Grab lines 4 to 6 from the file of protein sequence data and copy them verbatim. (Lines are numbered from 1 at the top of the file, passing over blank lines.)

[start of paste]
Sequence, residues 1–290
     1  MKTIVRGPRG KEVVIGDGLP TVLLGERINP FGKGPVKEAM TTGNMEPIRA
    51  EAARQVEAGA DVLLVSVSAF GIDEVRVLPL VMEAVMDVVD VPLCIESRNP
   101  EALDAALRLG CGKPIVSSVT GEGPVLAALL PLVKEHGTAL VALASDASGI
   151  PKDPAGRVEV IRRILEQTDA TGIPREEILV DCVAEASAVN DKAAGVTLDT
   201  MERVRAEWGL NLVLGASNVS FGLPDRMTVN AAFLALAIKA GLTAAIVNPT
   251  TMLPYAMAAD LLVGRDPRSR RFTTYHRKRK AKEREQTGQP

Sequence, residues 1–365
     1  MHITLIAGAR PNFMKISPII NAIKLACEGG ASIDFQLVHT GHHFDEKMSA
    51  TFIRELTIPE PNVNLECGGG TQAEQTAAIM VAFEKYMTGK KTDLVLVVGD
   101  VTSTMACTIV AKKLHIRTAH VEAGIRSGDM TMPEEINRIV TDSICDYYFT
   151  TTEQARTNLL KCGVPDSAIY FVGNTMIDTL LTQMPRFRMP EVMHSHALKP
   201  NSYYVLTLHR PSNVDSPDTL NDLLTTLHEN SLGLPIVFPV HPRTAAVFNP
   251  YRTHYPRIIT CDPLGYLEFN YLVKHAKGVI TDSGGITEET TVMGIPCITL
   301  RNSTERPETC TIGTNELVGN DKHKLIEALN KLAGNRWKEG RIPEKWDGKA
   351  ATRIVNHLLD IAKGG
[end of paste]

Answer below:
   101  EALDAALRLG CGKPIVSSVT GEGPVLAALL PLVKEHGTAL VALASDASGI
   151  PKDPAGRVEV IRRILEQTDA TGIPREEILV DCVAEASAVN DKAAGVTLDT
   201  MERVRAEWGL NLVLGASNVS FGLPDRMTVN AAFLALAIKA GLTAAIVNPT